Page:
Department of Film, Television, and Theatre Presents the 27th Annual Notre Dame Student Film Festival

Author: Stacey Stewart

27th annual Notre Dame Student Film Festival

The University of Notre Dame’s Department of Film, Television, and Theatre (FTT) announces the 27th annual Notre Dame Student Film Festival, taking place Jan. 29-31 in the Browning Cinema at the DeBartolo Performing Arts Center.

As in recent years, audience members are invited to vote for their favorite film via text message. The Audience Choice Award will be presented to the student director(s) of the winning film after the final screening.

An annual launching pad for student filmmakers as they begin their careers in the film, television, and entertainment industry, the Notre Dame Student Film Festival has featured the first films of future award winners such as Peter Richardson, 2011 Sundance Film Festival Grand Jury Award winner for How To Die in Oregon, and John Hibey, 2012 Sundance Film Jury Award Winner for Short Filmmaking for Fishing Without Nets, as well as numerous others. Many films from past festivals have also been selected for national and international film festivals.

The festival screens films that were made by undergraduate students during the past year as class projects in the Department of Film, Television, and Theatre. Festival founder and FTT faculty member Ted Mandell said, “I’m very excited for our students, who have put in countless hours of hard work and produced intriguing, high-quality films, each with their own unique creative vision.”

This year’s festival features the following 11 films:

  • Five Simple Steps (11:38), Lauren Josephson, Camille Muth, Zach Ostapchenko. When it comes to life or death, even the Grim Reaper has feelings.
  • Luggage (9:14), Tanner Cipriano, John Salazar. Check your baggage at the barbed-wire fence.
  • Spark of Madness (16:09), Anna Gonzalez. It’s OK to laugh at Notre Dame, especially if your student passion is stand-up comedy.
  • Ambiguous Encounter (7:16), Liza Connor, Rose Biehl. Daydream or caffeine high? An afternoon escape to the local coffee shop.
  • Patrolling Sandy Hook (19:36), Caroline Clark, Kelly Quinn. The mass murder of 20 children and six adults inside an elementary school is still hard for many to believe … and some choose not to.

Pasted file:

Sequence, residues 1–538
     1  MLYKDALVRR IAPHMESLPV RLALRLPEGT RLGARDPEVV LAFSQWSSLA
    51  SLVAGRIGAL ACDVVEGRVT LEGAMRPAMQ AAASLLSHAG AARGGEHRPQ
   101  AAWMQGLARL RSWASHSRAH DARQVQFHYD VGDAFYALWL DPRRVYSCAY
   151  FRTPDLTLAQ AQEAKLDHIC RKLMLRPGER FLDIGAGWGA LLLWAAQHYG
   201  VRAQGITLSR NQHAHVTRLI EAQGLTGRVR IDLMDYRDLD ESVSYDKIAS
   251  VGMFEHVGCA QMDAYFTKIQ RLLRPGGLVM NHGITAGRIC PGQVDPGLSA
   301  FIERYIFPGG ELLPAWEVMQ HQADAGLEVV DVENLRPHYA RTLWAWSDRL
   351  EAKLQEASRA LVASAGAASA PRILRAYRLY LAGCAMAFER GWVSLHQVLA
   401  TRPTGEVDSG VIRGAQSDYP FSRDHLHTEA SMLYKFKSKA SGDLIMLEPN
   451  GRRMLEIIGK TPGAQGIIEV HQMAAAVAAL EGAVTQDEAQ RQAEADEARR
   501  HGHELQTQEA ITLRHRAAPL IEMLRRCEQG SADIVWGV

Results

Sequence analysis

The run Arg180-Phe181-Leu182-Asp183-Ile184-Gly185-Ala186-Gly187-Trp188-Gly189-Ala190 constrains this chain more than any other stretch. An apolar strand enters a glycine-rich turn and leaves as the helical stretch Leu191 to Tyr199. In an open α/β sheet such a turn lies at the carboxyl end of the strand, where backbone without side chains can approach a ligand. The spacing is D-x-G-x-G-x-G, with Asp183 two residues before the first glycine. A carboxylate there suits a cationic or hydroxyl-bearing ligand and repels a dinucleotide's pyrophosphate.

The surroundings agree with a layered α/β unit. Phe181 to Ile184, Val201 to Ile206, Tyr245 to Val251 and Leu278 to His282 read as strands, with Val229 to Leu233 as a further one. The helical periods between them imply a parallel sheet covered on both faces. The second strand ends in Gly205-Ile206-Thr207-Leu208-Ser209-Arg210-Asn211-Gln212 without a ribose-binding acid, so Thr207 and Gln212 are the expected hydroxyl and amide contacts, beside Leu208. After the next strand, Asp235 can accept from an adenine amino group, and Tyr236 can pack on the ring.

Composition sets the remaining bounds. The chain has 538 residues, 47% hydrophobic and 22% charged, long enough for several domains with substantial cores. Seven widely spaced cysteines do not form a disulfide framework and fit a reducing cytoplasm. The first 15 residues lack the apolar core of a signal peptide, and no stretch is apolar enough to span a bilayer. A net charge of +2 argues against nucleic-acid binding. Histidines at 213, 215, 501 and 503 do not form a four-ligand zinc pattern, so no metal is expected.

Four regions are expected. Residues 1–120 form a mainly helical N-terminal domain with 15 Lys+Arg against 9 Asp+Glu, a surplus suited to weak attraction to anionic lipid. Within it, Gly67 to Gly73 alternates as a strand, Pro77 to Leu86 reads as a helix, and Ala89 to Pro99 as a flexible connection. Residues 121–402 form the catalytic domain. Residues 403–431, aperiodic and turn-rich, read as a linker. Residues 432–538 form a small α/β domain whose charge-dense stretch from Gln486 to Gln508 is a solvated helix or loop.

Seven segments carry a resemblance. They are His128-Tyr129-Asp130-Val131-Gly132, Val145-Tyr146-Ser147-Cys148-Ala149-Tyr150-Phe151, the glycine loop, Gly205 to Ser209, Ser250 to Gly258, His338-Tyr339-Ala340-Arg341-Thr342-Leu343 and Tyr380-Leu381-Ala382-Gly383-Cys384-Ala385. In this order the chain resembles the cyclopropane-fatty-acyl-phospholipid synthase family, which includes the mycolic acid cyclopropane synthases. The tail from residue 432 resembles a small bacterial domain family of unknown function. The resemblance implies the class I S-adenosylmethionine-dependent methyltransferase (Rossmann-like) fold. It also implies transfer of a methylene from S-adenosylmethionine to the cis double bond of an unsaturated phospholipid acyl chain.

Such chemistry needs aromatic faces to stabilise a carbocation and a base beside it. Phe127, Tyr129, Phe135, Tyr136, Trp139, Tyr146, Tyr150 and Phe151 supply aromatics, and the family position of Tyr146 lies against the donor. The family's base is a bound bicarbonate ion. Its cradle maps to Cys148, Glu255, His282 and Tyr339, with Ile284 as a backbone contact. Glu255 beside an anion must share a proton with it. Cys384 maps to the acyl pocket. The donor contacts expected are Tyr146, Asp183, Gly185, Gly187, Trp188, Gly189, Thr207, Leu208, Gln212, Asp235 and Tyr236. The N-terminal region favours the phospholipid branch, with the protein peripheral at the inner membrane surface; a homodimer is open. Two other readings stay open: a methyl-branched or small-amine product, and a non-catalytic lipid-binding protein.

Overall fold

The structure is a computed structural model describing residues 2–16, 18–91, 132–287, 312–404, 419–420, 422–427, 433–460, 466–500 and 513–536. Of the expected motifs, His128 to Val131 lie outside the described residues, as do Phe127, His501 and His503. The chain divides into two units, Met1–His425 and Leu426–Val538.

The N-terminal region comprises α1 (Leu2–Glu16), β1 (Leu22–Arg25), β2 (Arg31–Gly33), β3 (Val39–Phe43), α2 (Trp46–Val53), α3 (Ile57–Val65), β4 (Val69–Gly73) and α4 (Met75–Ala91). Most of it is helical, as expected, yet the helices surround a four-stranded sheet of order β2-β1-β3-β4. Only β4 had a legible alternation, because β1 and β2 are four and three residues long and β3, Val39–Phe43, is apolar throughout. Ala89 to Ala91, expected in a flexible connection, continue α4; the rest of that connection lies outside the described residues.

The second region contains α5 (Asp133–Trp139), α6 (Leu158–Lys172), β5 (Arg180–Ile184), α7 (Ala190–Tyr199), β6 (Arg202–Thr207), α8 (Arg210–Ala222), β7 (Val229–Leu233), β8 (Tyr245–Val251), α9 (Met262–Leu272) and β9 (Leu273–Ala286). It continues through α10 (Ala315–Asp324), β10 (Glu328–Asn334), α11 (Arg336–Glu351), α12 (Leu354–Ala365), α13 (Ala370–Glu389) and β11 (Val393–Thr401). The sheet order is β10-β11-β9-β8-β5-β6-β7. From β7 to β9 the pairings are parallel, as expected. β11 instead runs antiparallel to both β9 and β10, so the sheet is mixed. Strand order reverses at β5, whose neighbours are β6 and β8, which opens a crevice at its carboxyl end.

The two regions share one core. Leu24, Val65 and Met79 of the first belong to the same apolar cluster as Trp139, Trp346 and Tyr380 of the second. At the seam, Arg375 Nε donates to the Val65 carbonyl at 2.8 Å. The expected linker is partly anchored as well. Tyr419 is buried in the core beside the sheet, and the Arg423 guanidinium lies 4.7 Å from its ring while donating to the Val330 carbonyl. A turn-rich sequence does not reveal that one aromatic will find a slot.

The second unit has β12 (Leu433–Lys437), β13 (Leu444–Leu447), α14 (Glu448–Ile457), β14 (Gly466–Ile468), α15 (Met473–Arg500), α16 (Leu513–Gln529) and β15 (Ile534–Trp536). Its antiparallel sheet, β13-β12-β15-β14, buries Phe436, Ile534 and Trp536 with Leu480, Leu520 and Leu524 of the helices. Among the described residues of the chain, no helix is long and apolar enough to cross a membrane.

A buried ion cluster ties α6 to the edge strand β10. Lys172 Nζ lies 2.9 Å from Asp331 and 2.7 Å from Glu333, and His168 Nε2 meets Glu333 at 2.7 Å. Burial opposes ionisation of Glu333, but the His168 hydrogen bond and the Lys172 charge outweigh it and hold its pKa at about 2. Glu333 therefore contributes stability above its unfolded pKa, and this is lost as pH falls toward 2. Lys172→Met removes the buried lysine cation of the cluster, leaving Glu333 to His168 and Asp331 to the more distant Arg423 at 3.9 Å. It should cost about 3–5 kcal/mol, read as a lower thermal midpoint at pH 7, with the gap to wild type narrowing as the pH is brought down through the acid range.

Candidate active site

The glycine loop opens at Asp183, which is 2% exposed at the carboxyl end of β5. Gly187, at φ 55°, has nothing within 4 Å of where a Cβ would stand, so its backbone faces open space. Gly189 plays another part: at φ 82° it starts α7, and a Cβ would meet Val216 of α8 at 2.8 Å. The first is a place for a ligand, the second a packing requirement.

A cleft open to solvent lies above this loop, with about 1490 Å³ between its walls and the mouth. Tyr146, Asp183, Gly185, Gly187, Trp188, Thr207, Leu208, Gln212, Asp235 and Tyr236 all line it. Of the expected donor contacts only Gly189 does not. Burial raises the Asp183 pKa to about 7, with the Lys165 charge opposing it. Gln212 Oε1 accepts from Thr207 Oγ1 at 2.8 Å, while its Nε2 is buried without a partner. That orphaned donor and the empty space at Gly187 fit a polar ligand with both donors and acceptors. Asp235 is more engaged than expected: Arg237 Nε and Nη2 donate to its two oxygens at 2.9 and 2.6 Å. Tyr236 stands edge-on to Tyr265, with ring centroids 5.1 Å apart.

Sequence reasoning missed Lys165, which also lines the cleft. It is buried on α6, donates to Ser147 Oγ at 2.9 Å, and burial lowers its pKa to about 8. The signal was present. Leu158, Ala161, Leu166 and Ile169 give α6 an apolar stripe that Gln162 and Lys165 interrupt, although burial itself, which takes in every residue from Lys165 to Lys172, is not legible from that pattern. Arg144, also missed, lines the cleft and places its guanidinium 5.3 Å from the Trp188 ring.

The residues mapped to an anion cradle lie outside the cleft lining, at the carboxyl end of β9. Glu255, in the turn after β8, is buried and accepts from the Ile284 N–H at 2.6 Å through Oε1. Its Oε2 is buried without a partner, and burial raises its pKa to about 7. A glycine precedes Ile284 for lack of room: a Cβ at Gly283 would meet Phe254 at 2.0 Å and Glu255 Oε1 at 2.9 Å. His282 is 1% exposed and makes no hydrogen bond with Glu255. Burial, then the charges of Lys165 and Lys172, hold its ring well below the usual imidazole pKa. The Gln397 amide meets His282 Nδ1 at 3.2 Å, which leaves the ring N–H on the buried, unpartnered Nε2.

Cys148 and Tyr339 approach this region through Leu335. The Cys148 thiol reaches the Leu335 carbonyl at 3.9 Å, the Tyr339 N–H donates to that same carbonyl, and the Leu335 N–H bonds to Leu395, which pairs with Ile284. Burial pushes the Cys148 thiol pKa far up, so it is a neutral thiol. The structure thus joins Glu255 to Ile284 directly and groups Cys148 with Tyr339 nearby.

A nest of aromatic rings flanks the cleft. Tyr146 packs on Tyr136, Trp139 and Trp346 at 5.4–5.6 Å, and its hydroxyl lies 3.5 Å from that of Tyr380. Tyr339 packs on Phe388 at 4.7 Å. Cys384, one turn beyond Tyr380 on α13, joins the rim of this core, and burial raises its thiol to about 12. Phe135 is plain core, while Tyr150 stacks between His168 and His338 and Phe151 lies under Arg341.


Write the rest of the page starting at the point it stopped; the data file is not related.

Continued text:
• Glitch (8:05), Moira Hamilton, Maddie Landon. A video game controller loses control in this Tron-esque action adventure.
  • Platonica (12:47), John Haley, Emily Dauer. A graduation party reunites Annie and Sam, and reignites a relationship that was much different when both were in college.
  • Revenge of the Fallen (4:11), Wisdom Mak. There is no greater love than a student and her phone.
  • Anthony: Portrait of a Boxer (9:51), Indi Jackson, Austin Burgett. One step short of the Olympics, boxer Anthony Sims Jr. returns to small-town Indiana.
  • Edison Brockwell (9:55), Keenan Kelley, Drew Ronson, Frank Lanham. The secret life of the next-door neighbor.
  • No Presentation (8:43), Eric Ways, John McDonough Is it a group presentation if only one guy shows up to class?

Screenings will be held at 6:30 and 9:30 p.m. on Jan. 29 and 30 and at 7 p.m. Jan. 31. Running time is approximately 120 minutes. Some films contain mature content.

Tickets for the Notre Dame Student Film Festival are $7 for the general public, $6 for faculty and staff, $5 for seniors 65 and older, and $4 for students. Tickets may be purchased online at, by phone at 574-631-2800, or in person at the DeBartolo Performing Arts Center ticket office.

Notre Dame’s Department of Film, Television, and Theatre offers both a scholarly and a creative context for the general liberal arts student at Notre Dame as well as those students seeking intensive preparation for advanced study in these fields. The hands-on nature of the curriculum, coupled with a high degree of student-faculty interaction, provides students with a singular educational opportunity at a university known for its teaching excellence. The Notre Dame Student Film Festival is a direct outgrowth of the department’s academic program and an integral component of students’ artistic development.

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